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The opinions expressed in this article are the writer’s own and do not reflect the views of Her Campus.
This article is written by a student writer from the Her Campus at SBU chapter.

Are you a people pleaser? Are you the type of person who can not say no because you are too afraid of being perceived as unkind? I promise you are not alone. Sometimes, you may say yes to plans, opportunities, and questions simply because it seems easier to comply than to find your voice. Although it can be difficult, setting boundaries is freeing and absolutely necessary to practice self-care in the midst of chaotic life.

Boundaries are the limits and rules that are set within relationships. While being a good friend requires you to spend quality time and provide compassionate support, you can not expend all of your energy. When those limits are crossed or undefined, we end up in situations that are not healthy for us. Boundary setting does not always have to apply to complicated situations. Sometimes it is saying no so you can rewatch New Girl for the fourth time instead of going out with friends.

The first step to dismissing that Friday night plan is to recognize that saying no is not a bad thing. There is no penalty for prioritizing your own mental health. If you are struggling with a bad week, it is better for you to rest and reset than to push yourself to your breaking point. That is not only for your sake, but you are able to give more to those around you when you are refilling your cup.

Step number two is to acknowledge that you are not responsible for anyone else’s reactions. Often times we say yes because we are walking on eggshells around people we know. We are too worried about what they will say or do so we allow them to overlook our feelings. However, it is not your fault if someone reacts in a negative way. Most times the way people react is not personal, they too are dealing with the stressful ebbs and flows of daily life.

The next step is to be clear and concise. It is easy to ignore the text your friend sends you, respond with “maybe I have to see”, or make up a lie about why you do not want to hang out. Instead, tell the truth. A simple “Hey I can not hang out this weekend, I am feeling overwhelmed, and I need to prioritize my mental health” will do (copy-paste this in your notes for future reference). If you do not want to give all of that detail or you just do not want to hang out then just say “no thanks”. You do not owe anyone an explanation. If this is an in-person interaction remind yourself that it is worth it, to be honest during the moment rather than push off the conversation until a later date. I know some of you overthink every conversation, so you end up avoiding it.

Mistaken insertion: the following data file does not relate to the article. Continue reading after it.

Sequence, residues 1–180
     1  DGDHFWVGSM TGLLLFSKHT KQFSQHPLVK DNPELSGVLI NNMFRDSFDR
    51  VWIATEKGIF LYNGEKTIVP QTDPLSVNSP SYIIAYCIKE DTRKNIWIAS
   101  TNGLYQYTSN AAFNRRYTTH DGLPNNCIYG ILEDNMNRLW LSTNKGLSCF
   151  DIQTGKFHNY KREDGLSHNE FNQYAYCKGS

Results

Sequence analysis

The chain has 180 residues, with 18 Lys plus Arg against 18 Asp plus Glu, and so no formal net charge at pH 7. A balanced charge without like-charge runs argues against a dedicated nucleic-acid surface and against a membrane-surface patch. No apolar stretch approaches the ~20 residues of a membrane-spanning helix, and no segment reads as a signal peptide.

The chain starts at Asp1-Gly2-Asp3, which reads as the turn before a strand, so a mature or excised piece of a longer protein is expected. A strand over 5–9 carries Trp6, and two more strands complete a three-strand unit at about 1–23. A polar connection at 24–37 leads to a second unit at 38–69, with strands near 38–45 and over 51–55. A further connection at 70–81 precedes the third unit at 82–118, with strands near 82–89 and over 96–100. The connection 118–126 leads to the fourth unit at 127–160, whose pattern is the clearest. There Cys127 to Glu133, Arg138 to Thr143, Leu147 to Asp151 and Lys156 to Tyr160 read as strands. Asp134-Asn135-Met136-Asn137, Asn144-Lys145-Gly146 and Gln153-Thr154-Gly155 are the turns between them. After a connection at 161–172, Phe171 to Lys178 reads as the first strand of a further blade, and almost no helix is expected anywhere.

Finally, give yourself some grace. We are all human and make mistakes. Setting boundaries and saying no is something that you learn over time and you do not always get it perfectly right away.

As Brenee Bown once said, “Daring to set boundaries is having the courage to love ourselves even when we risk disappointing others.”

Kim Mitchell is a member of the SBU Her Campus chapter. This is her second year writing for the site. Kim covers advice and experience pertaining to college life and emotional well-being. She also covers popular media such as trending telivision shows and books. Kim is currently a senior at St.Bonaventure University. She is pursuing a bachelor of arts in psychology and a spanish minor with aspirations to attain a masters in clinical mental health counseling. When she is not writing you can find Kim singing in her church's worship band, outside enjoying nature, or curled up with a good book. She is always down to challenge you in a game of Mario Kart, knowing full well she will probably be in last place.